over billions of years anything can happen..sounds more and more like roulette in Las Vegas. remember the rule of chance if I roll red 30x in a row the chance of hitting black on roll 31 is what? greater? lesser? the same?
yet the evolutionist think it will come up black time and time again until life emerges from the old primordial soup..well the soups cold and DNA becomes useless without the proper environment of multitudes of amino acids held within close proximity, with golgi app, mrna,trna, all appearing from the magical cold soup..what gamblers these evolutionist are.
35 posted on 04/11/2006 6:57:16 PM PDT by ConsentofGoverned (if a sucker is born every minute, what are the voters?)
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To: eddie2
You will have to refresh my memory. I thought the earth was supposed to be about 5 billion years old and that life started about one billion years ago.


36 posted on 04/11/2006 6:58:27 PM PDT by VadeRetro (I have the updated "Your brain on creationism" on my homepage.)
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To: Coyoteman
That's a nice drawing of living fruit fly skulls evolving into living "not a fruit fly but better" skulls.
37 posted on 04/11/2006 6:58:36 PM PDT by manwiththehands ("Rule of law"? We don't need no stinkin' rule of law! We want amnesty, muchacho!)
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To: ECM
[Well, just show me macro-evolution in a lab and I'll sign right up...what's that? You can't? Oh..]



I know what you mean. That's the same reason I don't believe that the sun and other stars exist. They are probably just little balls of flame floating in our atmosphere just a few hundred feet up, and the idea that they're much larger than the Earth and powered by multi-million degree fusion is just arrogant atheist scientists' fantasy.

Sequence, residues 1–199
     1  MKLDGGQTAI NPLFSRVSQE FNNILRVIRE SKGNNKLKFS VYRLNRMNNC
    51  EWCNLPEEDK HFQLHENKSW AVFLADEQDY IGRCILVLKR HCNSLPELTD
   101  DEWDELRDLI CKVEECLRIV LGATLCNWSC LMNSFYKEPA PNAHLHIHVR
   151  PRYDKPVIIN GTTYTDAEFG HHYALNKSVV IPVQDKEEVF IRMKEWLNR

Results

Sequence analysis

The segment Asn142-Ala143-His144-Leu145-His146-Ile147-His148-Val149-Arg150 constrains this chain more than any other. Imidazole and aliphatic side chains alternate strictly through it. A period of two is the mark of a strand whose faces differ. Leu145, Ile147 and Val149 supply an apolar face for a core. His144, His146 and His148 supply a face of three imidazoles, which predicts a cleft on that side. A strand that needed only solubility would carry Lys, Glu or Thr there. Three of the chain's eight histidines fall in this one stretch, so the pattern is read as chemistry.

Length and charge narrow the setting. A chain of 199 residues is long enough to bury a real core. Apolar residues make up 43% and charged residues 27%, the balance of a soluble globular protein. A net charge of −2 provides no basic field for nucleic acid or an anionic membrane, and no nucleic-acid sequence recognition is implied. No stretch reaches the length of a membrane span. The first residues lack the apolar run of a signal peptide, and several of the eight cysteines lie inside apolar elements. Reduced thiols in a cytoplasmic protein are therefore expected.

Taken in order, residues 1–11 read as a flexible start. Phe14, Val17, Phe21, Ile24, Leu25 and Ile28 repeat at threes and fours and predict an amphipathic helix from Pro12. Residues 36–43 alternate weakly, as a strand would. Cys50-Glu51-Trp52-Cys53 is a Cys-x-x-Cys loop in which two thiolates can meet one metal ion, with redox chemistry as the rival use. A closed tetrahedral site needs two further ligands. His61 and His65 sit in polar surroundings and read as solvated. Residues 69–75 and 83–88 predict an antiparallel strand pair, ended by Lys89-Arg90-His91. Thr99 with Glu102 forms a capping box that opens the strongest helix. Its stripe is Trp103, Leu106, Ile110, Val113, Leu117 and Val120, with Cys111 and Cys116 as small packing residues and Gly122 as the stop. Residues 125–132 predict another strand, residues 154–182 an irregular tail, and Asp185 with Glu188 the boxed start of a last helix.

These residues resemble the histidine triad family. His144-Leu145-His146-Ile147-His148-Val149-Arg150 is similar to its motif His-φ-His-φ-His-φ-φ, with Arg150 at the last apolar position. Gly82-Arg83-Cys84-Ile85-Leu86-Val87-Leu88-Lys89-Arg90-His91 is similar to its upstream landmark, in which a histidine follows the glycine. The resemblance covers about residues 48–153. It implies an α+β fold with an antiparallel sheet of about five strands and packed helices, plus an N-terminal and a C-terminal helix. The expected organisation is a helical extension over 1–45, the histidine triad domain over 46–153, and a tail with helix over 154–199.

38 posted on 04/11/2006 7:00:43 PM PDT by spinestein (The mainstream news media are to journalism what fast food chains are to fine dining.)
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To: ConsentofGoverned
well stated. the hype over "time" solves all of evolutions problems..can't hold water and junk science like this article are desperate attempts to explain away the impossible..would think hanging your hat on the old over billions of years anything can happen..sounds more and more like roulette in Las Vegas.

Can't handle billions and billions?

How about millions then?

Do you have any scientific evidence that the fossils in this photograph did not evolve as portrayed in the chart in post #5, above?

Figure 1.4.4. Fossil hominid skulls. Some of the figures have been modified for ease of comparison (only left-right mirroring or removal of a jawbone). (Images © 2000 Smithsonian Institution.)


39 posted on 04/11/2006 7:03:23 PM PDT by Coyoteman (Interim tagline: The UN 1967 Outer Space Treaty is bad for America and bad for humanity - DUMP IT!)
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To: Coyoteman

I didn't think one was needed, but I guess on these threads.. sheesh ;)


40 posted on 04/11/2006 7:06:26 PM PDT by somniferum
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To: Getready
One question that has bothered my small intellect is:
the Poppy flower bud produces opium, but opium as far as I know has no function for the poppy, other than man wants it for it's narcotic effect as is mimics endorphins at a mu receptor site. Did the poppy evolve to produce opium for man or did it just produce opium for no apparent evolutionary advantage, and how does this fit in with the whole evolution selects life best suited for survival-why waste valuable energy producing opium when it has no benefit for the plant??
41 posted on 04/11/2006 7:06:37 PM PDT by ConsentofGoverned (if a sucker is born every minute, what are the voters?)
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To: Getready
Don't forget, those mutations had to occur within, lets say, the first billion years or so..you can't use the whole 4.5 billion years...

Are you sure? What do we need at 3.5 billion years ago for a genome? Source?

(i.e. the one that doesn't get corrected by correction enzymes....oh, by the way, where did THEY come from?)

Looks like an advantageous mutation to me. What were you going to suggest and what's the evidence for your idea?

DE-EVOLUTION

Change is change, although if you start as simple as you can get there's simply more room to experiment in the direction of increasing complexity.